A MUG is typically used for drinking tea, coffee and sometimes soup out of.

It can also be used to collect loose change in, or as a pot for pens and pencils or maybe homemade candles, but it’s also very handy for baking delicious cakes in .

Winter is a time we tend to seek out comfort foods and don’t stop at one chocolate digestive biscuit.

Going into the colder winter months, one of my favourite puddings is a golden syrup pudding, if you can find one today.

But who steams puddings today in a simmering big pan of boiling water for two hours? Not me.

I will tell you what does float my boat: a cup full of sticky deliciousness, stupidly-simple-to-make, and I have to say the only thing more satisfying than cake, is a mug cake.

You can muster it up in minutes with minimal weighing and not a warehouse of ingredients, with the added bonus of no washing up.

Your mug cake will always be a Blondie as the golden brown comes from the caramelisation of the sugar. It’s well worth queuing up at the microwave with your spoons in hand waiting for the ping.

Golden syrup has a fascinating history and sums up British baking, but oddly it was never intended to be a commercial product. Thank goodness it became one.

The story goes back to a businessman from Scotland called Abram Lyle who owned a sugar-refinery. One by-product of this process was thick, gloopy syrup which he sold to his workers, who nicknamed it ‘’Goldy’’. Soon, Goldy became popular outside of this workforce and everyone wanted some.

It was sold in a tin, and today the tin is a icon with the famous drawing of a dead lion peppered with swarming bees.

Mr Lyle was a very pious man, and used the story of Samson in the Book Of Judges from the Old Testament.

Samson was attacked by a lion which, through his power, Samson was able to rip open, killing it.

He later saw that bees had built a hive within the carcass and he took the honey to his family to feast on, and said unto them, “Out of the eater came forth meat, and out of the strong came forth sweetness”.

For over 125 years the golden nectar has been in daily use and is indispensable - even taken on Captain Scott’s fateful trek to the Antarctic, to make gingerbread, Parkin and flapjacks.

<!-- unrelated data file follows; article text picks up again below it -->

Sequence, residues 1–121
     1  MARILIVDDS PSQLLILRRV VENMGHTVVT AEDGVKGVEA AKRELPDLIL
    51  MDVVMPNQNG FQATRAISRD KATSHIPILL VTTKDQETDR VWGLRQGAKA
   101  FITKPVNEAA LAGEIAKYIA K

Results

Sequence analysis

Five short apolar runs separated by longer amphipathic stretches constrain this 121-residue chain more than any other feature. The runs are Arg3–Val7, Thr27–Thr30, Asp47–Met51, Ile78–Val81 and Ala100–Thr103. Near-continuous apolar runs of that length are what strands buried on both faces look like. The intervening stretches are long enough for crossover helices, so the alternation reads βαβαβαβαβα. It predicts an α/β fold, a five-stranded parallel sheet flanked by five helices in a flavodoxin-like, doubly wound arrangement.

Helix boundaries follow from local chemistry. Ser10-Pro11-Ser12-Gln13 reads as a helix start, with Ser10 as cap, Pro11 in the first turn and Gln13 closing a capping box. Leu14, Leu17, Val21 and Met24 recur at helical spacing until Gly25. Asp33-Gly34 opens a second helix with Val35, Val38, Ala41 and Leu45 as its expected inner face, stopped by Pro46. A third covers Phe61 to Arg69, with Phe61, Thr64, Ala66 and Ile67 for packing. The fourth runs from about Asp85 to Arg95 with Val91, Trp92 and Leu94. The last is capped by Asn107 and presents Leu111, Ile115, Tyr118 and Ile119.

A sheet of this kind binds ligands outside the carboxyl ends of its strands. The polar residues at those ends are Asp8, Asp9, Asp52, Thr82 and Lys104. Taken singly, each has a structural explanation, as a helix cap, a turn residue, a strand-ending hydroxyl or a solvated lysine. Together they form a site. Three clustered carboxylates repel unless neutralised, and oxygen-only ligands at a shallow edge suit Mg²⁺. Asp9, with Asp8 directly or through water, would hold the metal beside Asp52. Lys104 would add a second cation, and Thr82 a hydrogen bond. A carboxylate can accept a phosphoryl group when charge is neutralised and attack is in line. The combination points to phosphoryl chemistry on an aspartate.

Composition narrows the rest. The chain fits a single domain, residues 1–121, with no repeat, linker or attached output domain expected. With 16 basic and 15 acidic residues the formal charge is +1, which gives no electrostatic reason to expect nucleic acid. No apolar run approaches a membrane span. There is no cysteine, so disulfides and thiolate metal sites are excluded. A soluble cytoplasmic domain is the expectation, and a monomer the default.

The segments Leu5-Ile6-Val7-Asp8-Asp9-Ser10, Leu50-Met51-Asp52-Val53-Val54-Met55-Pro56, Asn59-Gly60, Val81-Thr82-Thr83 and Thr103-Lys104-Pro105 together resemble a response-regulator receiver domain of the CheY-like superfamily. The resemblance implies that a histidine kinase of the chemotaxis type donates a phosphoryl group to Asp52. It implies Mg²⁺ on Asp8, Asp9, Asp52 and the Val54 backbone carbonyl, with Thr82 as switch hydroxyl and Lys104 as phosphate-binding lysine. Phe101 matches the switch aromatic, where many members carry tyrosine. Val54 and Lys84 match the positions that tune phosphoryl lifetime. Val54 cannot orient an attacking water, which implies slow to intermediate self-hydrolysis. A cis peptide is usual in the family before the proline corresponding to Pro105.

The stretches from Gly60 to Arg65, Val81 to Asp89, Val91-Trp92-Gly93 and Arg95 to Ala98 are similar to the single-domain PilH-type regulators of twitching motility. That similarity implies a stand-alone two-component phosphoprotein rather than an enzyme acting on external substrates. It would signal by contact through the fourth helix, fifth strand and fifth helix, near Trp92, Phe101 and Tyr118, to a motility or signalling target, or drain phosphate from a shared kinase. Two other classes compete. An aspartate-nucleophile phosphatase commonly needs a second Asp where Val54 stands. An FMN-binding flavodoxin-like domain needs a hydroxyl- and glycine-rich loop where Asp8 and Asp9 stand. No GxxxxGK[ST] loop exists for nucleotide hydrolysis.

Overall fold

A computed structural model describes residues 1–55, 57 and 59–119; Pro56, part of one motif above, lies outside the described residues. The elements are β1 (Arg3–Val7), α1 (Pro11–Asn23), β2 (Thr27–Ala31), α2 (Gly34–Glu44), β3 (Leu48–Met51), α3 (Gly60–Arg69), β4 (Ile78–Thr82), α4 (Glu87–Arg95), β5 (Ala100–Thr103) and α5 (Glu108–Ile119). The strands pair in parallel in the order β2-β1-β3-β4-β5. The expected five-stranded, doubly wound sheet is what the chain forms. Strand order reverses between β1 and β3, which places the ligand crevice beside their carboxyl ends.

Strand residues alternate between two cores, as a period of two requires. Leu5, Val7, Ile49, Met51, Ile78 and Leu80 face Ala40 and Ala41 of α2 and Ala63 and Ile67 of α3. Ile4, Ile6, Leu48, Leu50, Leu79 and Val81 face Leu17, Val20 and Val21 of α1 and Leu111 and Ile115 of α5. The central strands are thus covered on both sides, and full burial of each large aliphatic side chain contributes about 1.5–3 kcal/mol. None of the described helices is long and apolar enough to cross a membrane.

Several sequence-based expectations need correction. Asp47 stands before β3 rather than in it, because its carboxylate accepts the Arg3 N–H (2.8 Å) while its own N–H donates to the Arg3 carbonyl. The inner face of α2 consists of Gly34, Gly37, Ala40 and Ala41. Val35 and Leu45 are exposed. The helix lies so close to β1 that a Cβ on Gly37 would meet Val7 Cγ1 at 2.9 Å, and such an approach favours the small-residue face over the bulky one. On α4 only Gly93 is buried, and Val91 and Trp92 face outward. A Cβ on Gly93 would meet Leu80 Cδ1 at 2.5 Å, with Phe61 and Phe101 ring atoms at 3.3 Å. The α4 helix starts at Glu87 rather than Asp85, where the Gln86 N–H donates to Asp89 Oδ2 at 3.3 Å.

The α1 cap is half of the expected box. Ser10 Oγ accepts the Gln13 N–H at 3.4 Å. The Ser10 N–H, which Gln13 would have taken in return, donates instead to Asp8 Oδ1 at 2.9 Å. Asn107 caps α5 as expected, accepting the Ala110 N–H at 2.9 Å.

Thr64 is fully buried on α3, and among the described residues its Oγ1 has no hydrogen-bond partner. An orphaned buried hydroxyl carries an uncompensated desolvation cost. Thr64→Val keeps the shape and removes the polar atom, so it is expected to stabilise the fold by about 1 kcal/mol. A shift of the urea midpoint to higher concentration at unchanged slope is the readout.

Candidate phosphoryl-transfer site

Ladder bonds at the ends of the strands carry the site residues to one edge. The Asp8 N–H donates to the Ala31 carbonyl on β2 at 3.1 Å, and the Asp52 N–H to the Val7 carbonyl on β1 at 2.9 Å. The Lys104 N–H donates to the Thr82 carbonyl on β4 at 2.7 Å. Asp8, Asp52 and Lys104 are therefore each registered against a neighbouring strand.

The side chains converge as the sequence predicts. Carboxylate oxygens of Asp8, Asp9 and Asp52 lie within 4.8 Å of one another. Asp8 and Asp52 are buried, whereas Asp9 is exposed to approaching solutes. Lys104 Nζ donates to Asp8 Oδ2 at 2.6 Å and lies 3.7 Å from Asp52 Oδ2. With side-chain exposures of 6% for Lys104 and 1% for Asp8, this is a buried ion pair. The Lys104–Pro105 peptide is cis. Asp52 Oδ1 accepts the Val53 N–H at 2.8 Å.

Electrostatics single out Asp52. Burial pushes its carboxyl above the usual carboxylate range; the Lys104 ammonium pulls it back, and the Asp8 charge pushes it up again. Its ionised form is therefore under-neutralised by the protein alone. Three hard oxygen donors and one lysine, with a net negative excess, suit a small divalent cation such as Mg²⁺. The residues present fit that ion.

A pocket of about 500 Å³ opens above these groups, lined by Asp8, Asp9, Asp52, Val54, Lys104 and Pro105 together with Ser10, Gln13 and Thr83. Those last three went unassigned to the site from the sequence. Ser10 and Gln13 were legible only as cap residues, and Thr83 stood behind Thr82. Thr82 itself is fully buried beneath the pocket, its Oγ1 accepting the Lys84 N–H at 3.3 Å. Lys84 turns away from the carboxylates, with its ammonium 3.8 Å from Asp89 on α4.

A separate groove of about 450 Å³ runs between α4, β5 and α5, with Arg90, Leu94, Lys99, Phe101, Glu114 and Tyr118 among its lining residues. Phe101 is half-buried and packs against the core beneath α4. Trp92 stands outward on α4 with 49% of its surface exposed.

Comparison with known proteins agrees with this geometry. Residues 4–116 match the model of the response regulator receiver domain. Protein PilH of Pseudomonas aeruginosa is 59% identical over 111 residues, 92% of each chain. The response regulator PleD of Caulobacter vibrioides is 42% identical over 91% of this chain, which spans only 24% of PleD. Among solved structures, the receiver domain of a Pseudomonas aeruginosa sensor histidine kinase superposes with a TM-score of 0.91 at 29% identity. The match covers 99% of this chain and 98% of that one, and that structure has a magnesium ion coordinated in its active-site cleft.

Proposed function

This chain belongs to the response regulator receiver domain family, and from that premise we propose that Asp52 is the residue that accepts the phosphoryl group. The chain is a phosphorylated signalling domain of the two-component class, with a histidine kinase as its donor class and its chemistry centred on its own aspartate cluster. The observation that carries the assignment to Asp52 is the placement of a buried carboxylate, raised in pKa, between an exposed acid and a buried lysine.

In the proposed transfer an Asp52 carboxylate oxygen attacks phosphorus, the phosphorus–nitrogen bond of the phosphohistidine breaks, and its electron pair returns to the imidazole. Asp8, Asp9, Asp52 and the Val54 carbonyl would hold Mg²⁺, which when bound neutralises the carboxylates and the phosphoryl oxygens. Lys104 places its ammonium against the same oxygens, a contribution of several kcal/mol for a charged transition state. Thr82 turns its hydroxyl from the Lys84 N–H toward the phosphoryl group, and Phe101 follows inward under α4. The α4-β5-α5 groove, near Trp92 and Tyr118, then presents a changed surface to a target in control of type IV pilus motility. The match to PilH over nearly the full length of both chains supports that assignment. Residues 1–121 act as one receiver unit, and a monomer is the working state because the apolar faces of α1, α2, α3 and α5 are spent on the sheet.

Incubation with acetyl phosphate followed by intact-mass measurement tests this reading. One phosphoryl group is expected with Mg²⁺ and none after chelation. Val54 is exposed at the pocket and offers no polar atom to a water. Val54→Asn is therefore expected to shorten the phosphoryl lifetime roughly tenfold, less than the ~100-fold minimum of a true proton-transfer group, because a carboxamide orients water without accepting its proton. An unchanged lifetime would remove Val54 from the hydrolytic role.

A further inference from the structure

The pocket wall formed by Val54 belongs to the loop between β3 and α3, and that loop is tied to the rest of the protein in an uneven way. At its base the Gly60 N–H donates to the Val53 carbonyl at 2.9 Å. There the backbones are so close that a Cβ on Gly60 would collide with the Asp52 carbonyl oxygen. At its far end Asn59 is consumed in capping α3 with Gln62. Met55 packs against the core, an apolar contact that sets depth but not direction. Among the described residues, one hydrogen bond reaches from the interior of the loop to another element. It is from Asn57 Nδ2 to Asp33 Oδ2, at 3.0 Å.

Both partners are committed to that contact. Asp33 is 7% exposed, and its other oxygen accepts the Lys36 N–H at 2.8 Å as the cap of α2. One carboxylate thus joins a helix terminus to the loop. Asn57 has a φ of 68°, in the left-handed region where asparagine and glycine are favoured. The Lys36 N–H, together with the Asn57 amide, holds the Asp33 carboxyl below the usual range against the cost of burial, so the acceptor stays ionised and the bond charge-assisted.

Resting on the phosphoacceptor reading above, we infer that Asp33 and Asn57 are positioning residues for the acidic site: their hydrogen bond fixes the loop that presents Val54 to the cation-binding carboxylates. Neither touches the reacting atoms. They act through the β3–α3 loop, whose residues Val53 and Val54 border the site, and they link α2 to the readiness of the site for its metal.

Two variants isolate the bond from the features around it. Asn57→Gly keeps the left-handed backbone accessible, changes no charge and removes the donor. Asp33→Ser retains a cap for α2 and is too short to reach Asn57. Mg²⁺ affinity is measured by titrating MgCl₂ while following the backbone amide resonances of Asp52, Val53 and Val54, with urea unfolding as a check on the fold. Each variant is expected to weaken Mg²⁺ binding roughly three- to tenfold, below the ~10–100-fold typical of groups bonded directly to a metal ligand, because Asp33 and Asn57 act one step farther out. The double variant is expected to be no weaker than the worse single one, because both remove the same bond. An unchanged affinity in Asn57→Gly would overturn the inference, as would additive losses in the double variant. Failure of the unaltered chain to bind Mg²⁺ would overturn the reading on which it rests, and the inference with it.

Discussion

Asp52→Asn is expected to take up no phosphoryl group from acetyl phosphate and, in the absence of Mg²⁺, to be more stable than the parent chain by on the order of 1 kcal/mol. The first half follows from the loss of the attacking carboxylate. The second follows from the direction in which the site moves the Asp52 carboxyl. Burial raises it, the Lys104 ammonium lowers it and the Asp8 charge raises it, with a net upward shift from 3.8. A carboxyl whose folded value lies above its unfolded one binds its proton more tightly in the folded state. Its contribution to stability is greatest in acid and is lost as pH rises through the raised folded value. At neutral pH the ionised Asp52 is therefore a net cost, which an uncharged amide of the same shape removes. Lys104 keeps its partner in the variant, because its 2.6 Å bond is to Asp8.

Who said my mug shot was ugly – it had unflattering lighting!

Makes one golden syrup mug-cake


3 tablespoons self-raising flour

Half teaspoon ground ginger or mixed spice

1 tablespoon caster sugar

1 medium egg

2 tablespoons milk or cream

1 tablespoon vegetable oil or sunflower

A few scrapes of lemon zest, optional

1 tablespoon toasted flaked almonds, optional

1 tablespoon golden syrup


1. Pour the flour, sugar, egg, milk, oil and lemon zest into a large, deep mug.

2. Beat the mixture well with a fork until smooth.

3. Spoon a generous dollop of golden syrup into the centre of the batter and scatter over the toasted flaked almonds.

4. Place the mug into the microwave oven and cook on high for two to three minutes (800 watts) until the cake is firm to touch and has come away from the sides.

5. Be careful though, the cup will be very hot when you take it out of the microwave oven.

6. Allow to stand for one minute, then serve in the mug or tip it out into a bowl with piping hot custard, cream or ice cream.

Serving suggestions

Piping hot custard or vanilla ice cream with a drizzle of golden syrup.

Baker Mike’s mug cake top tips

* Anything microwave will work – glasses, jars, ceramics or even paper cups.

* The most important thing to remember is not to fill the mug more than half full with the batter.

* Use your best judgment and experiment, it only takes one or two mugs to become an expert.

* Always use the shortest cooking time, then check the cake is springy and firm on top. If not, keep cooking in 15-second bursts.